Deutsche Lufthansa AG and Air China Ltd. plan to finalize a joint venture this month, sealing a deal to share revenue and coordinate routes after more than two years of negotiations, people familiar with the plan said.
Talks to set up the Chinese flag carrier’s first venture with a European airline have been complex as the two sides wrangled over financial and organizational structures. After starting discussions in 2014 on expanding commercial ties, the companies failed to seal an accord in 2015 as planned.
For Lufthansa, the Air China deal completes a network of revenue-sharing agreements with major markets around the globe as the German carrier seeks to fend off threats from the likes of Emirates and Qatar Airways. Lufthansa last year struck a similar deal with Singapore Airlines Ltd., adding to its network of partners that include United Airlines, Air Canada and Japan’s ANA Holdings Inc.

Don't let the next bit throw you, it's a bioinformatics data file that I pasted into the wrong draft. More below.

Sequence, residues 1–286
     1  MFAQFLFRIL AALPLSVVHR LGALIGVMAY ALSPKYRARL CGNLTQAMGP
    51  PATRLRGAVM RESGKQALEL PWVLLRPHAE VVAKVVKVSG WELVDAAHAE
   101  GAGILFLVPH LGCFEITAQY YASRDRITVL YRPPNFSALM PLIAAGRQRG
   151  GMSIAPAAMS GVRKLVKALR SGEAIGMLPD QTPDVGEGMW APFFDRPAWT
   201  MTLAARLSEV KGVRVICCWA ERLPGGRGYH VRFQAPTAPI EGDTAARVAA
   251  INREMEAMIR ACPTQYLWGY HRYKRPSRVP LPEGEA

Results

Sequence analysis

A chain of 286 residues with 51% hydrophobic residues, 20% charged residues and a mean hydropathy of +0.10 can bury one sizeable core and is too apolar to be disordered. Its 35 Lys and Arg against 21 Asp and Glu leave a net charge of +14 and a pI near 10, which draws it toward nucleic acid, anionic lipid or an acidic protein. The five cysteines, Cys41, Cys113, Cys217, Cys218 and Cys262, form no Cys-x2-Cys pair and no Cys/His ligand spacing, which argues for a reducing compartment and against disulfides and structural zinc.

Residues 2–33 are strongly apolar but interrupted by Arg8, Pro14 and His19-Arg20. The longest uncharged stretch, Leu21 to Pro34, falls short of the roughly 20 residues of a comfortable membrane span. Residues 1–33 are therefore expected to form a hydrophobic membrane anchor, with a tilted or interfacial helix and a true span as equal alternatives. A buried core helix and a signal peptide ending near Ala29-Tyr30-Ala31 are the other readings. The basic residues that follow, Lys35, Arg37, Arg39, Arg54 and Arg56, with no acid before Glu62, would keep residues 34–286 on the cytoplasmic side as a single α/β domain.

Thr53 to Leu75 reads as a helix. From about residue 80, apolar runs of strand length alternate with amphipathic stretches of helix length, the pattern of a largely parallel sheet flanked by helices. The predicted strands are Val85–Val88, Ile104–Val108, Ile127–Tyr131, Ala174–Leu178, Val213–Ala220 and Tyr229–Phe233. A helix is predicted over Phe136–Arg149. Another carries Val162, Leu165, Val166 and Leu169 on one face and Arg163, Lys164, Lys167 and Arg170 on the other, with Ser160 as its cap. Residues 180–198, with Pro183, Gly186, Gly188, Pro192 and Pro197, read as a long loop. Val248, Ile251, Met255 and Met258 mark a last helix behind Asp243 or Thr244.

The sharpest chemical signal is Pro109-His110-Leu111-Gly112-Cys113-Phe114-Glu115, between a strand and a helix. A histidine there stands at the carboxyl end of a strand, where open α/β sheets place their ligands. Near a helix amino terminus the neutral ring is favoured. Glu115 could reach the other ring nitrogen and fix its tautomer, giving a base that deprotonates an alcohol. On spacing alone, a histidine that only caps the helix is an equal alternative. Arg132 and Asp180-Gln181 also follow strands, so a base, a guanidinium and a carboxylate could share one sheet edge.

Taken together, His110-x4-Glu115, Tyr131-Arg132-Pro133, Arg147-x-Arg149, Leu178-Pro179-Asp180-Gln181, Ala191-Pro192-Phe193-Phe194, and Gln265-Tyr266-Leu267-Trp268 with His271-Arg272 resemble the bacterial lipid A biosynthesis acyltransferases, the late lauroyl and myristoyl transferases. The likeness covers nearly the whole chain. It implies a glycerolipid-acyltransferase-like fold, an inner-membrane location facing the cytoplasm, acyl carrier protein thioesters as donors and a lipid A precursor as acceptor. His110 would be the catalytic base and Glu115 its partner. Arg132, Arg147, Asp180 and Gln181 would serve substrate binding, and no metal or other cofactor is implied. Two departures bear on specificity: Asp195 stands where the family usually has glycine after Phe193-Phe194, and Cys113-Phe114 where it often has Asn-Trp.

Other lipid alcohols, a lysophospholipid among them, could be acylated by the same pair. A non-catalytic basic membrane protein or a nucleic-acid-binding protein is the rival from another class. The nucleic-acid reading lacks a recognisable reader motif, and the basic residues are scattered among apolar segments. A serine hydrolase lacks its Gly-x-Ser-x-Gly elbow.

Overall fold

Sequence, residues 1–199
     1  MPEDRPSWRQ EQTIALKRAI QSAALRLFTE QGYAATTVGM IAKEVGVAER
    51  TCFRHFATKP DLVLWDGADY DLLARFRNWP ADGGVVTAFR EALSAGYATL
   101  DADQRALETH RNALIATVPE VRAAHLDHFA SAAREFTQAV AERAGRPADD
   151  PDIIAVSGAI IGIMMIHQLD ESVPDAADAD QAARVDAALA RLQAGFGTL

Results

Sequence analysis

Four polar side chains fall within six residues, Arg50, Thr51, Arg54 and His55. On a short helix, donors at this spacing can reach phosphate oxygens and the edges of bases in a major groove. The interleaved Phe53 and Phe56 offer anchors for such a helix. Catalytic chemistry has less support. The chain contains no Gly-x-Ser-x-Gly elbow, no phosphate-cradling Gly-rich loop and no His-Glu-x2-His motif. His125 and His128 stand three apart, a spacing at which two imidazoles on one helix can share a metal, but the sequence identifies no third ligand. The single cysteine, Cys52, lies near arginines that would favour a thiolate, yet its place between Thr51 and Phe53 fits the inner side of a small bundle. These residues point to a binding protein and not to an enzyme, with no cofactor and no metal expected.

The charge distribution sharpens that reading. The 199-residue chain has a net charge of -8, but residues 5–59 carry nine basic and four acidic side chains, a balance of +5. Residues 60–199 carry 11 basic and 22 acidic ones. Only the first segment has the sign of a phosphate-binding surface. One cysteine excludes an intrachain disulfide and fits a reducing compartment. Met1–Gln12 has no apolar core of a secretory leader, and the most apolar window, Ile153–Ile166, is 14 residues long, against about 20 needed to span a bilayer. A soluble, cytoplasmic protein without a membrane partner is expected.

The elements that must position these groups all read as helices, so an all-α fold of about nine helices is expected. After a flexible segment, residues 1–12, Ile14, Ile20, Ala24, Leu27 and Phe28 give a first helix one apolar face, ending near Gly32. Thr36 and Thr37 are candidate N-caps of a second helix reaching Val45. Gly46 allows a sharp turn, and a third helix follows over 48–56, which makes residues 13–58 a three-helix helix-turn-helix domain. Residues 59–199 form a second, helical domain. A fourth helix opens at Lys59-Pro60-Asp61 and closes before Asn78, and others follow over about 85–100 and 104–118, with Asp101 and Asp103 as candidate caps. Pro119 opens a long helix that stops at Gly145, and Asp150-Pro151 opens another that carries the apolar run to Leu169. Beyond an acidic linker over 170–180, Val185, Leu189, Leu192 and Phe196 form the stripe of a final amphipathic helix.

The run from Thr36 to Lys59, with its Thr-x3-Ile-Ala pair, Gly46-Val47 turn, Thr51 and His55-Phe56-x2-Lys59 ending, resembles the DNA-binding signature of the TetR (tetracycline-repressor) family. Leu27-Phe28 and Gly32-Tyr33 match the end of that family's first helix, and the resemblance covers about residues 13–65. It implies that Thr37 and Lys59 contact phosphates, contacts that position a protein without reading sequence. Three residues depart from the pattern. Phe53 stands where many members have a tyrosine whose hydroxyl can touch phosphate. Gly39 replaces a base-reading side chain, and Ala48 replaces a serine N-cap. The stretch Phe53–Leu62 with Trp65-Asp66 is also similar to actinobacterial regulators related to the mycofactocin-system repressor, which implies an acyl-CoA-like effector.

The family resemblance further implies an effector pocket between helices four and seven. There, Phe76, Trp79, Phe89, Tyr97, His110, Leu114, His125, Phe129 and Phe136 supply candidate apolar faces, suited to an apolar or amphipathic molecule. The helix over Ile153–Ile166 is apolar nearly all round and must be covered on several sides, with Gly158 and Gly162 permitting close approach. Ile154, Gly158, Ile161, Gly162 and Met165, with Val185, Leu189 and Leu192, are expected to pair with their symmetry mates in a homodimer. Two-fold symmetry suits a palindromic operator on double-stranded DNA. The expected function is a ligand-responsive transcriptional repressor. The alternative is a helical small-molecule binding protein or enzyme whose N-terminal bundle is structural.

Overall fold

Air France-KLM Group already has joint ventures with Skyteam alliance partners China Southern Airlines Co. -- the biggest Asian airline by passengers -- and China Eastern Airlines Corp. that involve timetable harmonization and cost and revenue sharing on some routes.
The Air China agreement will mean close to half of Lufthansa’s long-haul capacity will be covered by commercial joint ventures, more than any other European network carrier, according to CAPA Centre for Aviation in London.
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